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The Botanical Ark Untaps Rainforest Food Secrets - ABC Rural 08.12.11 

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Alan and Susie Carle have spent the past 30 years unlocking the nutritional secrets of the world's rainforest.

In 1978, the couple set off with their backpack to South and Central America.

Eleven months later they returned to Australia with a newborn baby and more than 80 exotic plant species.

It was to be the start of a life's work that continues today on the Carle's own patch of paradise in the beautiful Whyanbeel Valley in far north Queensland.

A former cow paddock, the property has been transformed to an oasis of tropical rainforest diversity - a place called The Botanical Ark. 

But did they really set out to change the world by discovering and preserving the earth's plant species?

According to Alan, the initial concept was much less ambitious than that.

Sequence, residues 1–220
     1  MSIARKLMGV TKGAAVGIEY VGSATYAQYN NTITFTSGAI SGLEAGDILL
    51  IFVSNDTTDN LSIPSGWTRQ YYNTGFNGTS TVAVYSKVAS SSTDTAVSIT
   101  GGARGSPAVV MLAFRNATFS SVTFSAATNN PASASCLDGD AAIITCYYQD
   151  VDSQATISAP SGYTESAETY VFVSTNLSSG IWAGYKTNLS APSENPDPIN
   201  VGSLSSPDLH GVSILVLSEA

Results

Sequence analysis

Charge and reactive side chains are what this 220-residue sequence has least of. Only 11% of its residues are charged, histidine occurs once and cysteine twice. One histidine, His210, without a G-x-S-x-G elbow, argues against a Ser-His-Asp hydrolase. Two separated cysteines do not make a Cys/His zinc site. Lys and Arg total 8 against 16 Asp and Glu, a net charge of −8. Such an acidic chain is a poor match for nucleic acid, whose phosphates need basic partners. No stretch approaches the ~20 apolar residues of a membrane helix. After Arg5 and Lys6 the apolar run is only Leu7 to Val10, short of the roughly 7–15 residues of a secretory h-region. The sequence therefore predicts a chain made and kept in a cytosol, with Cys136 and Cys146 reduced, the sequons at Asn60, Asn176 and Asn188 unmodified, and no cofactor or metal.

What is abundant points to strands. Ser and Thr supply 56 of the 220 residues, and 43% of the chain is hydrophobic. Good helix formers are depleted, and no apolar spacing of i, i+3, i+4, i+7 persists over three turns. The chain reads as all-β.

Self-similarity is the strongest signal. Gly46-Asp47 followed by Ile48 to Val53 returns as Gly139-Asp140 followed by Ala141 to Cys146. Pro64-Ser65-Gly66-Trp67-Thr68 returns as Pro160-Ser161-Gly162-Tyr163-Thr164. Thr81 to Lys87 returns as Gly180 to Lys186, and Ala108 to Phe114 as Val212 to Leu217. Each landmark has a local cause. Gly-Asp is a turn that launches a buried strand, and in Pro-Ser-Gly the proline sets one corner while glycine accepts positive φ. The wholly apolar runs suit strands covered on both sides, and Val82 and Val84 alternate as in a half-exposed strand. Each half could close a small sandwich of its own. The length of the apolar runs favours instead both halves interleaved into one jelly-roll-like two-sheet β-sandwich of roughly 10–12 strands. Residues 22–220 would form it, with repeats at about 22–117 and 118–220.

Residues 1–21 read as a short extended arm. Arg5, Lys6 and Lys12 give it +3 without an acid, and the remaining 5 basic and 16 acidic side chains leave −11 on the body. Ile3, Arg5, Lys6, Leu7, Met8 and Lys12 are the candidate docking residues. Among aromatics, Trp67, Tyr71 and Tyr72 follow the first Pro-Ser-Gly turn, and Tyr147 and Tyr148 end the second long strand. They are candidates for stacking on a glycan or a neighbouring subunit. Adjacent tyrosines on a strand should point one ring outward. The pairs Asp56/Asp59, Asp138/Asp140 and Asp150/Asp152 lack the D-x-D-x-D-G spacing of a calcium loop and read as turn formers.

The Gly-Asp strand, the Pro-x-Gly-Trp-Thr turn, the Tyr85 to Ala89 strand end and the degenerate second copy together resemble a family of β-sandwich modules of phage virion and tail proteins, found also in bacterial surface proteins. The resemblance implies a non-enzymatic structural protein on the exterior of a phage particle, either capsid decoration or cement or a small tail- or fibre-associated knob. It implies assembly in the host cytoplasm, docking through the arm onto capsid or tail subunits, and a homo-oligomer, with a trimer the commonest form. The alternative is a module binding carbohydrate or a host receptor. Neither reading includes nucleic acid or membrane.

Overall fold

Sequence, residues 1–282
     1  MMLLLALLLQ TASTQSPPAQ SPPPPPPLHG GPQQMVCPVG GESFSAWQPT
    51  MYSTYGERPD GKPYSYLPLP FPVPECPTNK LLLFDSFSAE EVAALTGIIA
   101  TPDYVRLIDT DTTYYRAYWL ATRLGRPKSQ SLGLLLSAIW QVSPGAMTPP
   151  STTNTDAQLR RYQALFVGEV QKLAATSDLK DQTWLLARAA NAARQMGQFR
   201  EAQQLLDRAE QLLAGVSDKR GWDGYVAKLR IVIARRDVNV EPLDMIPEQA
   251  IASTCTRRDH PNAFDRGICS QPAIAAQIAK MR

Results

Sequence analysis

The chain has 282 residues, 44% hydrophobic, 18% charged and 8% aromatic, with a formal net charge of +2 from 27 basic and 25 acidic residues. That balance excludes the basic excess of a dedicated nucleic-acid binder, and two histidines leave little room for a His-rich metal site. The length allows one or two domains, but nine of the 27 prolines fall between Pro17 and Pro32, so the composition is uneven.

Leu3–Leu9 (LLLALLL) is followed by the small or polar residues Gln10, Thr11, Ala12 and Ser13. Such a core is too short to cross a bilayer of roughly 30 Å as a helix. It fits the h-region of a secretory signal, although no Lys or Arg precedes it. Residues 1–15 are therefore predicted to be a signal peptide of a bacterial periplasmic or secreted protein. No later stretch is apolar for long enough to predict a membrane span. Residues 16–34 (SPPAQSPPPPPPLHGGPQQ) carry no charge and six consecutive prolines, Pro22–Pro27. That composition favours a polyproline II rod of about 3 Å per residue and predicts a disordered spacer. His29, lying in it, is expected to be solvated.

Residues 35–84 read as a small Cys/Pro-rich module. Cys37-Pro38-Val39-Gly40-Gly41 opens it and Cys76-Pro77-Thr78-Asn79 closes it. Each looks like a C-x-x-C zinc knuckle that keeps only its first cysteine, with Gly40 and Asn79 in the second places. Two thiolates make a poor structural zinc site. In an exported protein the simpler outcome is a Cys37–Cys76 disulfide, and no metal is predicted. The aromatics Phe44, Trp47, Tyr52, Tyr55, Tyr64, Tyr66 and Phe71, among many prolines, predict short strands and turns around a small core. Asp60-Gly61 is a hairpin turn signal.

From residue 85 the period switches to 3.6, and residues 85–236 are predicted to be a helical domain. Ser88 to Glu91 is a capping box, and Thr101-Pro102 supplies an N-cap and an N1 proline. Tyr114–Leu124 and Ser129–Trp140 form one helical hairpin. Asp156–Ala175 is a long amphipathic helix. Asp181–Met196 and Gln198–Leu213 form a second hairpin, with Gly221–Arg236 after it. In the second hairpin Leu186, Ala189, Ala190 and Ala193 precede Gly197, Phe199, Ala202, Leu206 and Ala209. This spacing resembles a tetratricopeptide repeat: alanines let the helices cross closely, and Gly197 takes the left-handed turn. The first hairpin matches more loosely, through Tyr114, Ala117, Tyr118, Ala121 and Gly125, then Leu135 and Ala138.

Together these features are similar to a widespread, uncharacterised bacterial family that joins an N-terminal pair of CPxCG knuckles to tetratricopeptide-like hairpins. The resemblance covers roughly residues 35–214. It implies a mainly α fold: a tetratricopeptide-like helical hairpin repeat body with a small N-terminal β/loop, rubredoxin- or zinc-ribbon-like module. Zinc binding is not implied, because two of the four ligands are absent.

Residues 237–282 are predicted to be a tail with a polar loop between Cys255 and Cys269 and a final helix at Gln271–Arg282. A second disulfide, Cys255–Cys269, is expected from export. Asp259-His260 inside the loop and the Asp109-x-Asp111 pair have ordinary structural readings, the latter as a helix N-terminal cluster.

"We started out just wanting to be able to feed ourselves," Alan explains. "But any good plan evolves with time and changes."

"The work we did sort of took a hold of us, it's forced us down a road and over the years we've realised that rainforests are disappearing at this alarming rate, and we wanted to do what we could to try to see what was in those rainforests which was valuable for us and maybe utilise that in trying to help preserve rainforests," he says.

So, after years of travelling the world looking at the different foods that people eat, Alan and Susie realised it was possible to sustain a complete, varied and healthy diet almost entirely from rainforest species.